As full-time travelers, my husband and I get asked this question all the time, “How do you afford it?” Simple answer, we do it on a budget. When we decided that we wanted to travel around the world, at our own pace, whether this would take two years or 10, the first thing we did was look at our finances.
We are not independently wealthy, and we definitely fall into the “budget traveler” category. Since we both retired early, and are not yet collecting Social Security, we do not have a monthly income to rely on, so we had to make a realistic budget we could stick to using our savings dividends until that time.
For many years, we made small sacrifices that helped us save money to travel with. Luckily, we have also discovered that we spend less money per month traveling the world than we did staying at home.
As our list of all the places we want to visit grew longer and longer, it became clear that it would be detrimental to our finances if we continually had to fly back to the U.S. just to check up on something that we had no sentimental attachment to.
We had only been in our house about five years, so it was not a generational family home that everyone gathers to for holidays and reunions. Our family is scattered across the U.S., and it has always been easier for us to take trips to visit them.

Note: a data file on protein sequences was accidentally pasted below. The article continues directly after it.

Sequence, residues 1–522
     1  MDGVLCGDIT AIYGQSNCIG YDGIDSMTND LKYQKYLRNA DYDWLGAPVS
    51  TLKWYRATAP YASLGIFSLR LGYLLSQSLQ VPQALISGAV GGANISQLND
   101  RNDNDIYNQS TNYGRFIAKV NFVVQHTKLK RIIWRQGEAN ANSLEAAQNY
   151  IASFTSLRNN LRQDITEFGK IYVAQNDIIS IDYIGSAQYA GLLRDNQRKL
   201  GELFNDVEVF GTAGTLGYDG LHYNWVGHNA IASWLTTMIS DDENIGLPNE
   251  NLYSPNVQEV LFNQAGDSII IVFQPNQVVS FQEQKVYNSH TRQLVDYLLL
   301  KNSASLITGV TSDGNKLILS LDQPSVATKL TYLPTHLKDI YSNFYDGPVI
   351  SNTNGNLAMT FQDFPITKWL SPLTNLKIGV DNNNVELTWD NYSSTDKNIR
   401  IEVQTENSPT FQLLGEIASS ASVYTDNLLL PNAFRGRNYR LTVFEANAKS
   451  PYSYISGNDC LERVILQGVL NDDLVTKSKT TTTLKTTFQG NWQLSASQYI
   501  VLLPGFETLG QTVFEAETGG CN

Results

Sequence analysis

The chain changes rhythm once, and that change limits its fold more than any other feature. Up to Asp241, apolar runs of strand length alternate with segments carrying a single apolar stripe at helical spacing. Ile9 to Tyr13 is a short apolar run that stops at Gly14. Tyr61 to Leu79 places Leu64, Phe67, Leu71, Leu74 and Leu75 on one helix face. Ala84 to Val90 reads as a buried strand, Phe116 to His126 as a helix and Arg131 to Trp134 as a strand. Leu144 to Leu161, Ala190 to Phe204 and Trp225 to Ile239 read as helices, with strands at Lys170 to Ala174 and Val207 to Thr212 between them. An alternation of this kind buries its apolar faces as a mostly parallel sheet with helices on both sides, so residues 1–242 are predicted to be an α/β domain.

We could have turned our house into a rental or an Air BnB, these are very viable options many people use to help fund their travels. Frankly, we just didn’t want the hassle. By selling our house we were able to put that equity into our travel fund. This eliminated a monthly house payment, homeowners’ insurance, taxes, utilities, and maintenance.
We also eliminated car insurance, gasoline, and mindless shopping for items that we don’t need or really even want. So, for us it was a no-brainer. I actually felt a weight lift off me as one by one, we got rid of our cars, furniture, and all the things that take up space in a house.
I felt new possibilities and adventure just around the corner every time another item was gone. Of course, we do have a closet size storage unit for our sentimental items. There are a few things we just can’t part with.
We have always lived debt free (outside of our mortgage). Paying our credit card bill monthly and not having any extraneous loans made planning our travel budget easier. Of course, this number will be different for everyone depending on the individual set of circumstances.